VICARIOUS LIABILITY-CORPORATE LAW-PARTICIPATION THEORY-CORPORATE OFFICERS

May 11th, 2018 by Rieders Travis in Miscellaneous

B&R Resources v. Department of Environmental Protection, No. 1234 C.D. 2017 (Pa. Cmwlth. March 15, 2018) Colins, S.J. 
This case involves environmental violations.  Under Pennsylvania law, a corporate officer can be liable in tort for his own wrongful conduct on behalf of the corporation, even though the corporation is not a sham and there is no basis for piercing the corporate veil. Wicks v. Milzoco Builders, Inc., 503 Pa. 614, 470 A.2d 86, 89–90 (1983); Francis J. Bernhardt, III, P.C. v. Needleman, 705 A.2d 875, 878 (Pa. Super. 1997); Bank of Landisburg v. Burruss, 362 Pa.Super. 317, 524 A.2d 896, 901 (1987). This basis of individual liability, known as the participation theory, is predicated on the corporate officer’s own actions and participation in the corporation’s wrongful conduct, rather than the corporation’s status and his relationship to the corporation.

The participation theory applies to officers of limited liability companies. Commonwealth ex rel. Corbett v. Manson, 903 A.2d 69, 71, 73 (Pa. Cmwlth. 2006). Although it was initially adopted in tort actions, this Court has held that the participation theory applies to statutory violations and is a basis for imposition of individual liability on company officers in DEP administrative orders. Id. (limited liability company officer held liable for civil penalties for company’s violations of consumer protection statute under participation theory); Herzog v. Department of Environmental Resources, 166 Pa.Cmwlth. 114, 645 A.2d 1381, 1392–93 (1994) (corporate representative was liable for environmental violations and was subject to DEP compliance order under participation theory); see also Kaites, 529 A.2d at 1151–52 (analyzing corporate officer liability for environmental violation under participation theory but holding that requirements were not satisfied).

The law is clear that a defendant is not liable under the participation theory merely because of his status and responsibilities as a company officer or because he is the sole individual directing the company’s actions. Longenecker v. Commonwealth, 142 Pa.Cmwlth. 130, 596 A.2d 1261, 1263 (1991); Kaites, 529 A.2d at 1151–52. The law is also clear that a company officer is not liable on the participation theory for failure to stop or correct conduct of other company employees where he had no actual knowledge of that conduct. Wicks, 470 A.2d at 90; Shay v. Flight C Helicopter Services, Inc., 822 A.2d 1, 19–20 (Pa. Super. 2003).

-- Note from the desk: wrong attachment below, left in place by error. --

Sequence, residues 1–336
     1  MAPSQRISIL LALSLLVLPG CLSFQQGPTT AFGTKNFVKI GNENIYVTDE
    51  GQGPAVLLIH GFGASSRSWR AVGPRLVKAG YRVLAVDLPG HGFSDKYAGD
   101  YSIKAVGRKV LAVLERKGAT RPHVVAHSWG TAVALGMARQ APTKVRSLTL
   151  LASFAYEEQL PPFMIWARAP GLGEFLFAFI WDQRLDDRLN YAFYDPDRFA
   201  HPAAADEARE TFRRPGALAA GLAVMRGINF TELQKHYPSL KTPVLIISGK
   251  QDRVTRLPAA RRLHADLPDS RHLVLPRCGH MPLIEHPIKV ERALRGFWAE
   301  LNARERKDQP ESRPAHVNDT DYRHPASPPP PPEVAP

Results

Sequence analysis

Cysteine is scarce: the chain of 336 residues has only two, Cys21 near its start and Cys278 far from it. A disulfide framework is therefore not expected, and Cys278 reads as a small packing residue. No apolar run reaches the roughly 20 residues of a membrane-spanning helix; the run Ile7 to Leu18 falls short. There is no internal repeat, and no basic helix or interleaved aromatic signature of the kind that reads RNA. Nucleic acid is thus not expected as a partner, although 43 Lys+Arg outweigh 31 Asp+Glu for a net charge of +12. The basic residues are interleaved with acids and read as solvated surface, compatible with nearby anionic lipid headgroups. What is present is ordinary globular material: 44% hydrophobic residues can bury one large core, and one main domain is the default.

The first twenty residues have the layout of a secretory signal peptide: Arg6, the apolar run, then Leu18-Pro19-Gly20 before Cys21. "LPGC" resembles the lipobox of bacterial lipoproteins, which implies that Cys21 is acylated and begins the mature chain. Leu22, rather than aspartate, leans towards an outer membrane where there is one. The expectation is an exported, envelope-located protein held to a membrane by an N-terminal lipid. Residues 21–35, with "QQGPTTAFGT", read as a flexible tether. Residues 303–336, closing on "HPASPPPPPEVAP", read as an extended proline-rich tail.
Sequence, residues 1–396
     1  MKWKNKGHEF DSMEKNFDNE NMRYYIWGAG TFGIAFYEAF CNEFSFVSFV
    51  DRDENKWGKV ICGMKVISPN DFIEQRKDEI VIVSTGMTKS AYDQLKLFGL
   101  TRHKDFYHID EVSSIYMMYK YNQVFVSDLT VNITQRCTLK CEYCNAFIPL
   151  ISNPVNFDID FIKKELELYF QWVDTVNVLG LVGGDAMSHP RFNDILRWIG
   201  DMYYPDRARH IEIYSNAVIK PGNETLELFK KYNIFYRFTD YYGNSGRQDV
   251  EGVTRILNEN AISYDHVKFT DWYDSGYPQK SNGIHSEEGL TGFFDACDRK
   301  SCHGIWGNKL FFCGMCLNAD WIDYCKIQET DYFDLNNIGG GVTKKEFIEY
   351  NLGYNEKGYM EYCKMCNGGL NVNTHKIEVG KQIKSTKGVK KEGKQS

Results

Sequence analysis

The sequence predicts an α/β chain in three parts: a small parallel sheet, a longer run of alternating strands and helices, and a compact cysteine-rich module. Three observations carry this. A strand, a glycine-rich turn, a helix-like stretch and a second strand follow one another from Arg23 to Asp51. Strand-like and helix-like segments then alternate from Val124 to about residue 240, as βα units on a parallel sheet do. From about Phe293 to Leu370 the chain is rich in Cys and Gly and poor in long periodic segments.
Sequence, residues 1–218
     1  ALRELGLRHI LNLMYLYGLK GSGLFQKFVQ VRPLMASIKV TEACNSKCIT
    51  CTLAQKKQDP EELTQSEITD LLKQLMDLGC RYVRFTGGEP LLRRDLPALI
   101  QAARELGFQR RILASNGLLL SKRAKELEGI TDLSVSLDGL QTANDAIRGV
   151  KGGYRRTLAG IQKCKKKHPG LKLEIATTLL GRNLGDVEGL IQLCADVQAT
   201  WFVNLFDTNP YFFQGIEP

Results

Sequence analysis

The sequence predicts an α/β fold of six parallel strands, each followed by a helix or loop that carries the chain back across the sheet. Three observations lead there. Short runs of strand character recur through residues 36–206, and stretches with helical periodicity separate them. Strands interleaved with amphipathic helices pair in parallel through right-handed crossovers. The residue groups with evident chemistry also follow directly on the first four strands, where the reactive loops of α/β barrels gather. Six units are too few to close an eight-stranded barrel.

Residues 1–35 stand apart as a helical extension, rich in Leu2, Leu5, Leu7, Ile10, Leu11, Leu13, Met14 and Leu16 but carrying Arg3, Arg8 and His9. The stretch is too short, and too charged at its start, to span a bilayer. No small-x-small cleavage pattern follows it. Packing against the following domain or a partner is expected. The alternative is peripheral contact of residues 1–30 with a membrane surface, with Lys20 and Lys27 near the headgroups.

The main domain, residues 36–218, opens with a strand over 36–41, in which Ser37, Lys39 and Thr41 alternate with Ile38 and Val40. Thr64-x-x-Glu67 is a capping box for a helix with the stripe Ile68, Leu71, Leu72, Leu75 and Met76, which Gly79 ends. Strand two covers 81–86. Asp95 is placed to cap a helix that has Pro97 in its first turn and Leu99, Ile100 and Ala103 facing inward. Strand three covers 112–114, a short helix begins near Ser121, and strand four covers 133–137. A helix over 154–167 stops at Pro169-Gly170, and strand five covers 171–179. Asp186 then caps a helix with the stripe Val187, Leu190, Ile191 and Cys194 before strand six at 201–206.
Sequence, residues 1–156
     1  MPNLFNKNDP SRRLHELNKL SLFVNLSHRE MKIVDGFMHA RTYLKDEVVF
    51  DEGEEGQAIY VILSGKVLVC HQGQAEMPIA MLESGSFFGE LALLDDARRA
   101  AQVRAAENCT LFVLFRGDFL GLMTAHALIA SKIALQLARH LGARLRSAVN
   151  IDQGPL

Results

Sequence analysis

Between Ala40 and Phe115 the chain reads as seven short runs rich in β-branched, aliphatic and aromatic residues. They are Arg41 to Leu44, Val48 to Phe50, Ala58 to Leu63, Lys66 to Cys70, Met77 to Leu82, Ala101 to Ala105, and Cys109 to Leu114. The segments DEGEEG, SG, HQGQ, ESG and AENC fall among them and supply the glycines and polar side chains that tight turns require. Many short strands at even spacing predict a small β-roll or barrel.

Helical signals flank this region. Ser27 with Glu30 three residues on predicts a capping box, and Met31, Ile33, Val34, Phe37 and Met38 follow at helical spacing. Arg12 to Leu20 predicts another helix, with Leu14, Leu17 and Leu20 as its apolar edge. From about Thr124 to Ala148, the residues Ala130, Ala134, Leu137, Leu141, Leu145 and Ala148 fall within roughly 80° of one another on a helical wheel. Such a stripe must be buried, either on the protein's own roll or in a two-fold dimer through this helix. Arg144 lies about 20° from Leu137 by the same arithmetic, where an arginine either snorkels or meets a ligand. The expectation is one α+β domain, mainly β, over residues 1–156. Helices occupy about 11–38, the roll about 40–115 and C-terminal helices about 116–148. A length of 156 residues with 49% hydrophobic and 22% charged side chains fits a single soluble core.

These principles do not, however, require that the courts exempt intentional and knowing wrongdoing of corporate officers from liability simply because their conduct consists of deliberate inaction. In Wicks, the Supreme Court did not hold that inaction can never be sufficient to support participation theory liability. Rather, the Court held that “mere nonfeasance” is not sufficient. 470 A.2d at 90 (emphasis added). The Court, moreover, gave as an example of “mere nonfeasance” a claim based on the fact that the corporate officer “should have known” of the wrongful act. Id. The conduct that the Court held sufficient to support participation theory liability in Wicks consisted of directing that work on a development proceed with knowledge that construction of the development created an unreasonable risk of damage to the plaintiffs’ property. Id.

This Court has held that intentional and knowing inaction can be sufficient to support participation theory liability for a statutory violation. In Kaites, this Court analyzed the participation theory in the context of an environmental violation and held it requires proof that the corporate officer committed “intentional neglect or misconduct” that contributed to the violation. 529 A.2d at 1152.

Rather, the EHB based its conclusion that Campola was liable on the participation theory on its factual determinations that he knew of B & R’s obligation to plug the Wells, that he made a decision that B & R would not plug any of the Wells, and that he had B & R spend its financial resources for purposes other than complying with DEP’s directions to plug the Wells.

Accordingly, we reverse the EHB’s dismissal of Campola’s appeal and its holding that Campola is liable for B & R’s statutory obligation to plug all 47 of the Wells. Because the EHB’s findings are insufficient, we remand this matter to the EHB for additional findings of fact as to how many, if any, of the Wells could have been plugged if Campola had caused B & R to make reasonable efforts to plug the Wells and for an adjudication of Campola’s liability in accordance with those findings.